07 How to Climb

It sounds simple, climbing is the next step up from walking, climbing the stairs or scaling a ladder. They all require vertical movement. Both hands and feet are equally important, yet many people forget that in the basics, the feet are the force upwards, and the hands are best employed to prevent you from falling backwards. Grabbing holds and stepping on footholds one at a time, carefully looking and planning ahead. Saving power by not overly using arms and hands is often a good strategy for success. Looking at other climber’s technique, and getting tips and tricks from an advanced climber, are just as important as regular practise. Small steps one at a time.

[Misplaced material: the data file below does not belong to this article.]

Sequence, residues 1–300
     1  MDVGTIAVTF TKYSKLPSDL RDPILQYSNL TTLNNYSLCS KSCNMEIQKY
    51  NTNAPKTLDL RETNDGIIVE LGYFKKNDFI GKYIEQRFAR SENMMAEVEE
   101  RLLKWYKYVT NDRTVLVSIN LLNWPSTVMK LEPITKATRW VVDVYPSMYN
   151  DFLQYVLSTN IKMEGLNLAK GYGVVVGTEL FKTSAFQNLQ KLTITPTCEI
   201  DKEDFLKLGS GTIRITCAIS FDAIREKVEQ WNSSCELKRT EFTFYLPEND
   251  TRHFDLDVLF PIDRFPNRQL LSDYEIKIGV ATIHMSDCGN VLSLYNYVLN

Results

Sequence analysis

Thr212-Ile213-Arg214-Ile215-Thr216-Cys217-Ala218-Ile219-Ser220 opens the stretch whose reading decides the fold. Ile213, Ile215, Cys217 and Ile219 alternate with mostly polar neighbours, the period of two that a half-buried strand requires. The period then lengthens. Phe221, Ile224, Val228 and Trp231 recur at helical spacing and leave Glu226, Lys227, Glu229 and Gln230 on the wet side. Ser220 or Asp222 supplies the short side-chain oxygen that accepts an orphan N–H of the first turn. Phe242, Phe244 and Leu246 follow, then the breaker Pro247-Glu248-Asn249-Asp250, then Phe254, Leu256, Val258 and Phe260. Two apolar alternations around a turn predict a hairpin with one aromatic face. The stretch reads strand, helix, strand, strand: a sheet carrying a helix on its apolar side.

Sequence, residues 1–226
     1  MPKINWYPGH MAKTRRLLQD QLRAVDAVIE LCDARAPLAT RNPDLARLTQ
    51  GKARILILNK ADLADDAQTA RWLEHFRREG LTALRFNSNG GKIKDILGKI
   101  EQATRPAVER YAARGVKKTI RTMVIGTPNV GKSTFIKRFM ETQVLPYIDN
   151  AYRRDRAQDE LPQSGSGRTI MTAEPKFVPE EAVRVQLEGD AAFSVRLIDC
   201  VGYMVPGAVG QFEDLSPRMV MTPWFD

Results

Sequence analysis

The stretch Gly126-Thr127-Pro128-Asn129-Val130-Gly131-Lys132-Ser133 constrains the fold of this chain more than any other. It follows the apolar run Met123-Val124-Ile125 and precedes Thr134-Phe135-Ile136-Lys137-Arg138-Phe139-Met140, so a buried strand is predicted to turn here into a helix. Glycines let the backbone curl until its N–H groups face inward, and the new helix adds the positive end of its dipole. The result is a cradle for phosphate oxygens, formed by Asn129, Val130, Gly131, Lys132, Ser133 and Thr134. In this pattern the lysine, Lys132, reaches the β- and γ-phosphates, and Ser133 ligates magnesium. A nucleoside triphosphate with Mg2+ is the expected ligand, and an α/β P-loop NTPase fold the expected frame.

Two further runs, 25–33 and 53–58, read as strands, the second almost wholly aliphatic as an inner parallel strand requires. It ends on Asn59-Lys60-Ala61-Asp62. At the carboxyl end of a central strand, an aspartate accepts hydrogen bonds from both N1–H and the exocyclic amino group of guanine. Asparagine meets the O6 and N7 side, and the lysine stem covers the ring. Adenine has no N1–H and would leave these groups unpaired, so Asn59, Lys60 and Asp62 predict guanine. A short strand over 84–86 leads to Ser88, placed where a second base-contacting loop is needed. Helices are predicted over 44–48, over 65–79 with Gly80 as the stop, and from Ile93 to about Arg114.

One of the key points in climbing is friction. Friction between the skin on your hands and the surface of the rock or climbing hold, and also friction between the climbing shoe and the foothold. While climbing is about not falling, falling is all about not slipping. Chalk can enhance friction for your hands, and rubber is key for your feet. For decades Vibram has been a pioneer in producing high-tech rubber for climbing shoes and mountain boots, with most of today’s best climbers using Vibram’s products.

Once the basics have been learned, it is time for some advanced technique! The repertoire of climbing movements is seemingly endless, and new moves are ‘discovered’ still today. Competitive athletes, especially in bouldering, are challenged in all kinds of dynamic, coordinated, and powerful movements, while rock climbers encounter different movements on different types of rock. Simply put, one will never get bored while climbing.